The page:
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Simple gifts

Master architects: The Greenes at the MFA, Frank Lloyd Wright in Manchester
By GREG COOK  |  August 18, 2009

COZY FOR TWO Frank Lloyd Wright’s Zimmerman House strives for an open feel in a limited space.

Charles and Henry Greene came to Boston in 1888 to study architecture at Massachusetts Institute of Technology. The school was then in the Back Bay, and the brothers rented rooms nearby, close to Henry Hobson Richardson's landmark Arts and Crafts–style Trinity Church and the original Museum of Fine Arts, with its budding collection of Japanese art.

A couple of years after graduation, Charles lost his Boston job in a financial crisis, and they moved West. In 1894, in Pasadena, they launched their architectural firm Greene & Greene. The Museum of Fine Arts' splendid exhibit "New and Native Beauty: The Art and Craft of Greene & Greene" (through October 18) shows how they pioneered a West Coast design built on the inspirations they brought with them: the elegant minimalism of Asian design and the Arts and Crafts Movement's emphasis on handcraft and a what-you-see-is-what-you-get "honest" use of materials.

The Greenes may be unfamiliar hereabouts because most of the some 140 homes they designed were in Southern California. Charles is often described as the lead designer, the artist and dreamer; Henry filled the role of the practical guy who makes sure things get done. Their buildings blend elements of English cottages, Mexican haciendas, grand hunting lodges, and Japanese temples with their broad overhanging roofs. The Asian influence is particularly pronounced in their interiors — hanging lanterns, metal strapping, exposed beams with curved ends.

This exhibit, which was organized by the Gamble House of the University of Southern California and the Huntington Library in San Marino, focuses of necessity on more portable stained glass, metal work, furnishings, and interior decoration. The earliest known example of Greene furniture is a wooden breakfast table that Charles designed for his fiancée, Alice White, in 1899. It has a heavy square top supported by a single stout pedestal, like something from a mediæval European hall. Its craft is expressed solely in the contrasting colors and grains of the planking, which is laid out in a quilt-like pattern.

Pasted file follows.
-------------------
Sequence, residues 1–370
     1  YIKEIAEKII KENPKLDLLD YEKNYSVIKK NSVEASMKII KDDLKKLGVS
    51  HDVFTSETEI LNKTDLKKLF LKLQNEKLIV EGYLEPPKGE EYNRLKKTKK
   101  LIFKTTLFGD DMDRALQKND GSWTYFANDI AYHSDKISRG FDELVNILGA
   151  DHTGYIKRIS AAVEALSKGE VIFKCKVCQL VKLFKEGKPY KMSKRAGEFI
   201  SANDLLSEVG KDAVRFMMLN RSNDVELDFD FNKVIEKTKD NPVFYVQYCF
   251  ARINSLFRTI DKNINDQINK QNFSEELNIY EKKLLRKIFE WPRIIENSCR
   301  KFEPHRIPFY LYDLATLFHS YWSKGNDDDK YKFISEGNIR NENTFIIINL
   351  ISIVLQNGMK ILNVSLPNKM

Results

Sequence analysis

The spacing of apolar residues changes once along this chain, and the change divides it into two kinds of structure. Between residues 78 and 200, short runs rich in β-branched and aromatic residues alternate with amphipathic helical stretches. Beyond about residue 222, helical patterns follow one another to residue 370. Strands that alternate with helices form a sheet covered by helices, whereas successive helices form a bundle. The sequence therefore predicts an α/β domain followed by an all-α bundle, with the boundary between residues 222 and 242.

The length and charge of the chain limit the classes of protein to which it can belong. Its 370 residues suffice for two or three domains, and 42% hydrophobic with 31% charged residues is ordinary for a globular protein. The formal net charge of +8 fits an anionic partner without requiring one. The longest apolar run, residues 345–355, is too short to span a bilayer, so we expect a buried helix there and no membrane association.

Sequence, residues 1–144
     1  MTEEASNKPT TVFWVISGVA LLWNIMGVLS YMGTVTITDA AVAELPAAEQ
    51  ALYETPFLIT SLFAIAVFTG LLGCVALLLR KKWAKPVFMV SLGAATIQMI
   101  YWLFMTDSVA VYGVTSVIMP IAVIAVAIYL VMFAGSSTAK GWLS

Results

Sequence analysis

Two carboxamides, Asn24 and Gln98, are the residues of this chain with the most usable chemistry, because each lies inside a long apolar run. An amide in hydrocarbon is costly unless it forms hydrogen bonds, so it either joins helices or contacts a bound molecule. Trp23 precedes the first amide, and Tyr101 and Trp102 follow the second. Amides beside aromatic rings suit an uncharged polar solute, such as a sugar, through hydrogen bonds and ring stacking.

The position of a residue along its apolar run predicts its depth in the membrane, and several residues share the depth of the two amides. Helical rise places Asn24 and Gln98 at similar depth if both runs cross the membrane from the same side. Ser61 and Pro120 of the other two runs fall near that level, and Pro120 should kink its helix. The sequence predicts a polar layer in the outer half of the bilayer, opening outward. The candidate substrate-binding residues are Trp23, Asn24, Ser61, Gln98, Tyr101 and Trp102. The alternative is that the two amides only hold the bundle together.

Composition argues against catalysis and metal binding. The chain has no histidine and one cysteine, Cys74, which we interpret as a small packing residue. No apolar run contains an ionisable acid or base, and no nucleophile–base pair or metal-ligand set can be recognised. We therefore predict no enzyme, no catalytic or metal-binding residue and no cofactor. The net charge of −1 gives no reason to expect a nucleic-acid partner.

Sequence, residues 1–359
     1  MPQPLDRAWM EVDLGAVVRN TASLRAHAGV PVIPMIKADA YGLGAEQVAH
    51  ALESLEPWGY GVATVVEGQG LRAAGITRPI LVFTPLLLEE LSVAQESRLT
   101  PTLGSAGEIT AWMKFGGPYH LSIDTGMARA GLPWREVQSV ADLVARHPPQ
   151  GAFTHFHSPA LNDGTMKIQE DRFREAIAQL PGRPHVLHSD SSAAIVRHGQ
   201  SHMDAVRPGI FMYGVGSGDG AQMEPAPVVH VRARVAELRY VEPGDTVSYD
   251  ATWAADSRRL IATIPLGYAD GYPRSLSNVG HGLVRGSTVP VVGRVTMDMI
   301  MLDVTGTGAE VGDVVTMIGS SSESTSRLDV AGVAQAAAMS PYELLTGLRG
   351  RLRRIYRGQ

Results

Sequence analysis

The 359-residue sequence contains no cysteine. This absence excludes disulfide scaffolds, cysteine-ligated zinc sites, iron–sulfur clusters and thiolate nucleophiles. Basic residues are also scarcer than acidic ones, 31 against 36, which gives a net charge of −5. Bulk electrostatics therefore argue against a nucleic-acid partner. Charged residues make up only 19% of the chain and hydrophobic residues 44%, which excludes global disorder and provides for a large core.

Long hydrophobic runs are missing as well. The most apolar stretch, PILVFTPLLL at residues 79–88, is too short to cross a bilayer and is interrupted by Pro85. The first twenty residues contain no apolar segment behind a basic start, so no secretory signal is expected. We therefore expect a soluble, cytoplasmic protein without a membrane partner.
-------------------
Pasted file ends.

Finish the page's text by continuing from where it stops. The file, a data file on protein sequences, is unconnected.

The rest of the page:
Asian influences appear in a 1908-'09 mahogany and ebony dining-room table for the Blacker House. The wide, thin, rectangular top seems to float lightly on thin legs. Its only adornments are the strips of wood at each end and the tiny abalone inlay flowers at the corners; the craft is in the way it's all joined together.

A 1912 mahogany and ebony living-room table for the Pratt House in Ojai, California, recalls Charles's 1899 table in its use of contrasting pieces of wood for decoration. But the spare, light design reflects Asian influences, right down to the simple wavy line decoration on the Chinese-inspired drawer handle.

The Greenes' work prompts thoughts of Frank Lloyd Wright, and indeed the curators have included one of Wright's iconic 1900 tall-back chairs. Compare it to Greene & Greene's 1907 hall chair, which seems to take the square seat of Wright's chair and pinch it so that it becomes narrower at the back than at the front. The spindles of the matching tall narrow back angle in. Wright adheres to a rigid geometry of rectangles, straight lines, and perpendiculars; the Greenes favor more angles and curves. Experts say the Greenes' furniture is correspondingly more comfortable.

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Related: Interview: T. C. Boyle, Drawing connections, Hearts of glass, More more >
  Topics: Museum And Gallery , Massachusetts Institute of Technology, Visual Arts, Museum of Fine Arts,  More more >
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